While the ALJ found that performing other tests in conjunction with the ELISA and Western blot tests is not a per se departure,
the standard of care requires either ordering the ELISA and where necessary, the Western blot, or reviewing these tests previously obtained by the patient
where the exposure to the disease occurred four weeks or more in the past. In other words, just what the IDSA says. She rejected the testimony of , Lentz’s infectious disease expert, who testified that the ELISA and Western blot tests had “little value” as “not credible.” that ELISA is “unreliable” and that the Western blot test is too narrow in its reporting.
Diagnosed babesiosis and bartonellosis without appropriate testing.
This is another popular “Lyme literate” diagnosis, rejected by IDSA but given support by ILADS. The ALJ noted that both are uncommon infections and that even an infectious disease specialist might never see a case in his or her entire career, yet Lentz diagnosed several patients with these infections and treated them.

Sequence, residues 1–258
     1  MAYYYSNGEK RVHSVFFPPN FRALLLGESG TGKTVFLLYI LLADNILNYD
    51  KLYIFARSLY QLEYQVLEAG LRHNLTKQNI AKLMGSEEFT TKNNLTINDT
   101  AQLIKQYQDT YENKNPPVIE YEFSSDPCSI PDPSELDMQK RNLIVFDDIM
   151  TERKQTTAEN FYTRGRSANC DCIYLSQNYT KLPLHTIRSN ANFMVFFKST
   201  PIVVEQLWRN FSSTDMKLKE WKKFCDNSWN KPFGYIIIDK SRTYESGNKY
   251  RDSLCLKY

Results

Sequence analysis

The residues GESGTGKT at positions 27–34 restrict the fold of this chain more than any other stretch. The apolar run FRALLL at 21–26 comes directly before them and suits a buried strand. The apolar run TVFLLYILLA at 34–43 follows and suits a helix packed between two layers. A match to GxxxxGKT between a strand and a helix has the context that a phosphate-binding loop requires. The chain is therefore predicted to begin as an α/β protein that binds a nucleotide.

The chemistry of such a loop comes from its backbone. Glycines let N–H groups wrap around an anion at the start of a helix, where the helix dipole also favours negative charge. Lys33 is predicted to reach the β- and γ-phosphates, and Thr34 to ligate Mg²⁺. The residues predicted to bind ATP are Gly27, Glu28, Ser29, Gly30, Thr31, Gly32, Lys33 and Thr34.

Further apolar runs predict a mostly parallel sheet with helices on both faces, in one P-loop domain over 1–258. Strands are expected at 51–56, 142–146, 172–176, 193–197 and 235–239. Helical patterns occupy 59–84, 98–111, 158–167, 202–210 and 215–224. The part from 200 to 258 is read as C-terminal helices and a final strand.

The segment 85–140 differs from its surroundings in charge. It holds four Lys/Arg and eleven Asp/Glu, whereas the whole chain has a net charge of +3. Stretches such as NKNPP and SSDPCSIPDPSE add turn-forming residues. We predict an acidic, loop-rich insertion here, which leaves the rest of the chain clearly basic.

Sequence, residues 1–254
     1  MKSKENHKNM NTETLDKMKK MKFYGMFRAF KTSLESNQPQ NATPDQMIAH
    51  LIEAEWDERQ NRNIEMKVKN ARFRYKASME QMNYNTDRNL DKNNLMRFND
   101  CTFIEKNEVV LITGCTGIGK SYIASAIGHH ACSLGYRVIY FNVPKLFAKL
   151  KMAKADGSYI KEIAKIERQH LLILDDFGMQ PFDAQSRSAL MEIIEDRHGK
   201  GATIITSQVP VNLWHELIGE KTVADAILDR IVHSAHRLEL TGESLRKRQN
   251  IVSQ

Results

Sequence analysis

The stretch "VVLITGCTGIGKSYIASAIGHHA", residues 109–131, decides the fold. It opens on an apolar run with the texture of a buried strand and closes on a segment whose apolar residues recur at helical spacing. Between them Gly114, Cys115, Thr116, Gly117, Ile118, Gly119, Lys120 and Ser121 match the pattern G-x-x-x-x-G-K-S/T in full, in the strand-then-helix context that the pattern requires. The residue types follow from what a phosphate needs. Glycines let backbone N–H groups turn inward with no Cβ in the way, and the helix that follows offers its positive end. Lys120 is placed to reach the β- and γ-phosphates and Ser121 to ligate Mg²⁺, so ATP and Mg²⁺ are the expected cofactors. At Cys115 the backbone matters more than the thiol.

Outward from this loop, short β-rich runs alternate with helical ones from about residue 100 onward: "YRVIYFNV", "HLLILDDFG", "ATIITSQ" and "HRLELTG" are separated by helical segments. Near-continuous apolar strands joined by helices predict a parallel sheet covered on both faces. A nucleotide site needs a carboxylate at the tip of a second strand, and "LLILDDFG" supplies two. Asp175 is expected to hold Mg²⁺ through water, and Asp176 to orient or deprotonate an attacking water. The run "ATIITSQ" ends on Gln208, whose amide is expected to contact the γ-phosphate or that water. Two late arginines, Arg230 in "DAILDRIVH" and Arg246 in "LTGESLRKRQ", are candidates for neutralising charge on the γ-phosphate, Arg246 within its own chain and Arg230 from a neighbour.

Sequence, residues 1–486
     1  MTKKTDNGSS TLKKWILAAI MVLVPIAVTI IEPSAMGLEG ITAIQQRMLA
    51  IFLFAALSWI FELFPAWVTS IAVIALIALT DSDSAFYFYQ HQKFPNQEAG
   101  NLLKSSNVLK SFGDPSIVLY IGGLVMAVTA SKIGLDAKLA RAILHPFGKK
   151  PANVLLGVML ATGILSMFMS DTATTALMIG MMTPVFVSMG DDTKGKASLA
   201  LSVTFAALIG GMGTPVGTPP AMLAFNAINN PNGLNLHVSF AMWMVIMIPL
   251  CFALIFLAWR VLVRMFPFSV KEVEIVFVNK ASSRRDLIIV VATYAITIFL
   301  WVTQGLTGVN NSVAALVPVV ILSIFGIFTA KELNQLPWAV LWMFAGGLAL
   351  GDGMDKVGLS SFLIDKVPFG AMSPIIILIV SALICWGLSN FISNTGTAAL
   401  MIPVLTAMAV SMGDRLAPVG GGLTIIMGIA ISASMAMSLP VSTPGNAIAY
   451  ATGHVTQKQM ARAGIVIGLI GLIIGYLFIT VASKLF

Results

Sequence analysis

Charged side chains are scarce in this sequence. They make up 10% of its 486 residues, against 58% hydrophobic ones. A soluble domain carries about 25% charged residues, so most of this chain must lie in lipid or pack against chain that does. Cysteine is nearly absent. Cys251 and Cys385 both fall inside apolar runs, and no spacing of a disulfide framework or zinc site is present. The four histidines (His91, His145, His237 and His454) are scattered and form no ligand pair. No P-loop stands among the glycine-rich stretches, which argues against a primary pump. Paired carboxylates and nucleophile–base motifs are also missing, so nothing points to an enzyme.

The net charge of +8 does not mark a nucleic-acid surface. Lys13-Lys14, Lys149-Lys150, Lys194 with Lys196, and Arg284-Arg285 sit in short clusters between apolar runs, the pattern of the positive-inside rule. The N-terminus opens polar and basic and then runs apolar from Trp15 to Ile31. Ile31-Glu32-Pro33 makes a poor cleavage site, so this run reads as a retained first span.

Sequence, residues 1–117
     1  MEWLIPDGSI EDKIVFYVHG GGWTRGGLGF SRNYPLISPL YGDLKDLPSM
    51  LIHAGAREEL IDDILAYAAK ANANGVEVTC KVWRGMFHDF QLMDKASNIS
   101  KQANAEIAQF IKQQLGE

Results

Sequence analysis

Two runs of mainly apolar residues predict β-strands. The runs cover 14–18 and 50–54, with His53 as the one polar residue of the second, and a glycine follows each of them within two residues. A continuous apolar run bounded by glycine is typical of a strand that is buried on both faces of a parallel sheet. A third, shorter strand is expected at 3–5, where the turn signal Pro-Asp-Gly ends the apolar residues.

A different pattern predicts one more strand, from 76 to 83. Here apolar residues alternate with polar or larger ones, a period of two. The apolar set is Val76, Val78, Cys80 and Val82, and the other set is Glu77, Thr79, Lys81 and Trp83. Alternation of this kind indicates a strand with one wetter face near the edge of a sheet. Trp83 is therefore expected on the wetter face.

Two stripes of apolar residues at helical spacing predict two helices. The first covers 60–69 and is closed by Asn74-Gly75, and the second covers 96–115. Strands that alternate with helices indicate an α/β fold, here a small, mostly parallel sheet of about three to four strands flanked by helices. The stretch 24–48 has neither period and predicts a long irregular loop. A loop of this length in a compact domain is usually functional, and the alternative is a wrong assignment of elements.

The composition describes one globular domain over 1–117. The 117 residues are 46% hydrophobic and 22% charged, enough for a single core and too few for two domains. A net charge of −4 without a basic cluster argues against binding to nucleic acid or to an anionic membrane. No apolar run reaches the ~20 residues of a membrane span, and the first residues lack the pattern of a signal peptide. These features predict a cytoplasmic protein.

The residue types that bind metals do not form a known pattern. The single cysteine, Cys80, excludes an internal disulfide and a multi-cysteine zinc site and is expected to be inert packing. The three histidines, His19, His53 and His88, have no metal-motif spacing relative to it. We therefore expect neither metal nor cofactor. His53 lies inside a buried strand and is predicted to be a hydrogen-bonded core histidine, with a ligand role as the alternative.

Prescribed inappropriate and excessive antibiotic therapy without medical justification.
For example, without proper testing, Lentz diagnosed one young woman who had multiple orthopedic problems (and therefore pain) with Lyme and babesiosis. He referred her for venous port placement for administration of IV antibiotics. He prescribed at one visit alone:
- Acetaminophen-oxycodone 300 mg – 7.5 mg oral tablets, three times a day
- Cymbalta 30 mg orally, once a day
- Flagyl 500 mg oral tablets, 3 weeks on, 1 week off
- Heparin, 5,000 units/ml injectable solution, once a day
- Omnicef 300 mg oral capsules, once a day
- Interfase Plus Prothera, a supplement
- Boluoke lumbrokinase, a supplement
At a subsequent visit, he ordered a Fry test for bartonellosis and prescribed IV vancomycin for bartonellosis, even though she had yet to be diagnosed with that disease. Fortunately, this patient saw a real infectious diseases doctor at some point, who advised her to immediately stop the therapy prescribed by Lentz because it “was unsafe.”
If you are a medical professional, you are likely saying to yourself at this point: Heparin? Why heparin? Read on.
Prescribed the anticoagulant heparin in the treatment of Lyme, babesiosis and bartonellosis, without medical justification.
Lentz prescribed heparin for several patients. He testified that heparin was “very therapeutic for biofilm” and that it “coats the babesia so when the babesia protozoan enters the red blood cell” it “protects the red blood cells from actually allowing babesis to enter them,” a bit of pseudoscience one imagines he learned in the courses he attended.
The ALJ had a different view. She concluded that not only was its prescription in these cases a departure from the standard of care, it